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Is Blockchain Completely Secure? Don't Be So Sure, Dow Jones Execs Admit

  • By Andrew Deichler
  • Published: 9/26/2016

COMM-16-Blockchain-PgHdr.jpgGENEVA -- While blockchain proponents rave about the distributed ledger’s security, no technology is completely secure. During a discussion on cybersecurity at Sibos 2016, Dow Jones’ Head of Technology Platform Grant Allen noted one of blockchain’s vulnerabilities is “hidden in plain sight.”

Allen noted that, “the whole premise of blockchain is that each stage of every transaction is cryptographically generated and protected, and anyone can verify those transactions. To insert a fraudulent transaction is immediately noticed.” But while it’s easy to spot someone attempting to tamper with the very “end” of the ledger, you could—with enough money and resources—change the ledger itself.

Such a hack is possible with access to a data center, along with a power station, Allen said. “So when you’re sitting there doing your job, have you ever even thought about who owns the power station the runs the data center that runs all of my banking systems or all of my finance systems? If you haven’t already thought of it, I suspect that you might start thinking of it now,” he said. “Now, these aren’t easy things to get your hands on, but there are several players who do have access to them. In fact, there are 8.5 million data centers worldwide and over 62,000 power stations and over 700 cryptocurrencies. Keeping track of all of the players across all of these is a daunting task.”

Rob Sloan, head of cyber content and data for Dow Jones, added that a government could hypothetically feel it’s worth hitting blockchain if that’s all it takes to undermine complete confidence in all cryptocurrencies. “That might be worth a billion dollar investment for a government because suddenly now no one trusts cryptocurrencies,” he said.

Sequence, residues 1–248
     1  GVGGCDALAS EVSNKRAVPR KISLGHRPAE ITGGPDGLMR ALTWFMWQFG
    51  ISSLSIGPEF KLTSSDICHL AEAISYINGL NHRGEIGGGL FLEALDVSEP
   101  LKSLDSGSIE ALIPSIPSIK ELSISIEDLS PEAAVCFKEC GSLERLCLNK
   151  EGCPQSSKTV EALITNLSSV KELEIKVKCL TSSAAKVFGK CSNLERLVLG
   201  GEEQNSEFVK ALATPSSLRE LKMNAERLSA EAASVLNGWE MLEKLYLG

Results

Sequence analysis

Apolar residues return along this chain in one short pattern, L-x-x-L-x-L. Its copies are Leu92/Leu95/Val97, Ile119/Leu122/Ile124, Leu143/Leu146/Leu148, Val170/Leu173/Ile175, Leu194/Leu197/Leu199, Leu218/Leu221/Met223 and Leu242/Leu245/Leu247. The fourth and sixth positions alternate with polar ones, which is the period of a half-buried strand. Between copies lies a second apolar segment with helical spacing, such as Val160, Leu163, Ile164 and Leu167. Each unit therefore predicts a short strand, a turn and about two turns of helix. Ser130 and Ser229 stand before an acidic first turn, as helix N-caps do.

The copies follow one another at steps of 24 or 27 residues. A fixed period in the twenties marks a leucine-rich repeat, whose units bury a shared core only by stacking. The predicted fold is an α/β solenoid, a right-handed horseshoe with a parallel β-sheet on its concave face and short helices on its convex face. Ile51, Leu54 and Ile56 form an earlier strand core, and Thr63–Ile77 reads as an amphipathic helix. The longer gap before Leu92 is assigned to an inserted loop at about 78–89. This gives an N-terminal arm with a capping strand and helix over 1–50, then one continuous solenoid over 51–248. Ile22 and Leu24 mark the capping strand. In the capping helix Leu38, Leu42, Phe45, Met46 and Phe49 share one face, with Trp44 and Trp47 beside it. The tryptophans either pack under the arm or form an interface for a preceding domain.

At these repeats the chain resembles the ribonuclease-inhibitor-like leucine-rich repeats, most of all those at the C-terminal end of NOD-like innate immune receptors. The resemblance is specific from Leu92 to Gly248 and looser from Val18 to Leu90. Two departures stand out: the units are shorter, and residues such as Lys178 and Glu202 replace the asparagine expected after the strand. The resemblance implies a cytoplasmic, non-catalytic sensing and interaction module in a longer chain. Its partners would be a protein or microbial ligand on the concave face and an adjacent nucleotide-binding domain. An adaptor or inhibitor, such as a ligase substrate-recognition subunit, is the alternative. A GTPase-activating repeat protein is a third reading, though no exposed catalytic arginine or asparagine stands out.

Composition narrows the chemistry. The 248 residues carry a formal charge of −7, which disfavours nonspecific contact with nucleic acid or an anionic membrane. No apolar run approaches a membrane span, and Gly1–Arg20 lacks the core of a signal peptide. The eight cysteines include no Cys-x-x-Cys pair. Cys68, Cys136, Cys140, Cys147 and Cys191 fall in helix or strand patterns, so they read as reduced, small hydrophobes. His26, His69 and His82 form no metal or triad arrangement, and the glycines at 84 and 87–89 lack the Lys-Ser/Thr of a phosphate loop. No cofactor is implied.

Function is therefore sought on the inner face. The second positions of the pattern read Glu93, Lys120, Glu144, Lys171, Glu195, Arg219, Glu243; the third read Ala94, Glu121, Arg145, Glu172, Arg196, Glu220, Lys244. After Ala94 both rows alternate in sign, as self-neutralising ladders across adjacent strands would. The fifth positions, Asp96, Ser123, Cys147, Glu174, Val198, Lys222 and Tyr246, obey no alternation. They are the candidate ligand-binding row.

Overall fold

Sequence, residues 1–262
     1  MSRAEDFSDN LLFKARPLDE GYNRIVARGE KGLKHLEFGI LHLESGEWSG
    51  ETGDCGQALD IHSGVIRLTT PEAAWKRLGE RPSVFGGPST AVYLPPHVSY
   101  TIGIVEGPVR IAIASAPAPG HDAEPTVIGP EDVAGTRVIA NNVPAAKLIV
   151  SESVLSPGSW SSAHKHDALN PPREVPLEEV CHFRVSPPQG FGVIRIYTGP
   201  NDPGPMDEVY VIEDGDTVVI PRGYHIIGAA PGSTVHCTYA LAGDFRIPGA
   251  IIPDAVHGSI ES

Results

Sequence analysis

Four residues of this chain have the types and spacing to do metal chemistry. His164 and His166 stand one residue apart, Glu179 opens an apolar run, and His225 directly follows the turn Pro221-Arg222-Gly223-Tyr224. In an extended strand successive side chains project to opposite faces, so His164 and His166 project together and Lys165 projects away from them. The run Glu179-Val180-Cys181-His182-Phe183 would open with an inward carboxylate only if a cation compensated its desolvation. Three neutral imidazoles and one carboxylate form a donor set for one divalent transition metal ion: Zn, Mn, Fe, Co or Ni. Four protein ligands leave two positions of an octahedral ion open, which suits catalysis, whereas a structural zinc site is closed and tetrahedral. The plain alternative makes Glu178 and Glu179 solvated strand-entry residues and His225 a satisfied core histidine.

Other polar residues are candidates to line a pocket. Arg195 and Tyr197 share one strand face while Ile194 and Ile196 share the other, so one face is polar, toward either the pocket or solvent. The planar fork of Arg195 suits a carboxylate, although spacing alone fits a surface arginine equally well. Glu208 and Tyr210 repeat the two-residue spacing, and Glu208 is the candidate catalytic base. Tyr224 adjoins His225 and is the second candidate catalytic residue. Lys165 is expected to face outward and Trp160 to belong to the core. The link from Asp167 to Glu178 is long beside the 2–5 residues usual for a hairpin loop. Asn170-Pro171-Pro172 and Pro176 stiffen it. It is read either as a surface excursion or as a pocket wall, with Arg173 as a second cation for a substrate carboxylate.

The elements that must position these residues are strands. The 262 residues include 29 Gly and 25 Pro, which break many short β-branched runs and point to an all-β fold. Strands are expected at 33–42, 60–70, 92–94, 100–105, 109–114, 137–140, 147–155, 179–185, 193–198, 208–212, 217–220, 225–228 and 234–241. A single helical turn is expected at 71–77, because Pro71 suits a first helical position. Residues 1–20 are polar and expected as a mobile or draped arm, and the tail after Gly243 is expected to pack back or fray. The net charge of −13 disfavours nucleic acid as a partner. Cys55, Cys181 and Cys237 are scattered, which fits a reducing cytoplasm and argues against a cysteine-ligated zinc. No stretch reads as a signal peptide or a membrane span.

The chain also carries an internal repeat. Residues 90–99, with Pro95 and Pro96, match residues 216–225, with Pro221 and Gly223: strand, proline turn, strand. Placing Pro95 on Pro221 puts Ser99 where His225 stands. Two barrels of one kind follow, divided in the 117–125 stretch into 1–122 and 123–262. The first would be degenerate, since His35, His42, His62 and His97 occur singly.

Right now though, Allen believes the greater threat will come from botnets—vast networks of computers infected with malware and are controlled without the users’ knowledge. Botnets theoretically possess the power to hack technology like blockchain. “Rather than a single source of power, it’s distributed across tens or hundreds of thousands of actors who would have no inkling that they’re being co-opted into effectively rewriting an entire blockchain from scratch,” he said.

Allen added that blockchain technology is very well thought out and very secure. “But the hurdle that was set up in the design initially was that you have to be willing to burn through all of that effort to even let one fraudulent transaction through and the argument was, that no one would go to that length. Who would spend millions or billions to be able to defeat security?” he said. “But as the adoption rises and the value of what is represented in those ledgers rise, then that attracts more interests from all kinds of parties.”


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